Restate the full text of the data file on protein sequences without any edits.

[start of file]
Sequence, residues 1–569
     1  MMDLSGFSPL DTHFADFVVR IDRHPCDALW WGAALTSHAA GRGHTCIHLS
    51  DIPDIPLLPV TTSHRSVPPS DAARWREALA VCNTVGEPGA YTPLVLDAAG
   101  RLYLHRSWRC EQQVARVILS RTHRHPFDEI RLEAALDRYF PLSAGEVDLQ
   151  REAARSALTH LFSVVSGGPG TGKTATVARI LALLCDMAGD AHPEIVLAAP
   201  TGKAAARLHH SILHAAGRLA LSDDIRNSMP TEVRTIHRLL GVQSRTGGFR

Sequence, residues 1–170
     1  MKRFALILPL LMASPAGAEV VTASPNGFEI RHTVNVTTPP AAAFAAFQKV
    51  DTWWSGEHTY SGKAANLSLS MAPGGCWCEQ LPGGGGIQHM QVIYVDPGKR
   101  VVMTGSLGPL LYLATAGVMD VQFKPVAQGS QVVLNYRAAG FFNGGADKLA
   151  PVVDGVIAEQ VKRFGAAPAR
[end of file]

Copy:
Sequence, residues 1–569
     1  MMDLSGFSPL DTHFADFVVR IDRHPCDALW WGAALTSHAA GRGHTCIHLS
    51  DIPDIPLLPV TTSHRSVPPS DAARWREALA VCNTVGEPGA YTPLVLDAAG
   101  RLYLHRSWRC EQQVARVILS RTHRHPFDEI RLEAALDRYF PLSAGEVDLQ
   151  REAARSALTH LFSVVSGGPG TGKTATVARI LALLCDMAGD AHPEIVLAAP
   201  TGKAAARLHH SILHAAGRLA LSDDIRNSMP TEVRTIHRLL GVQSRTGGFR

Sequence, residues 1–170
     1  MKRFALILPL LMASPAGAEV VTASPNGFEI RHTVNVTTPP AAAFAAFQKV
    51  DTWWSGEHTY SGKAANLSLS MAPGGCWCEQ LPGGGGIQHM QVIYVDPGKR
   101  VVMTGSLGPL LYLATAGVMD VQFKPVAQGS QVVLNYRAAG FFNGGADKLA
   151  PVVDGVIAEQ VKRFGAAPAR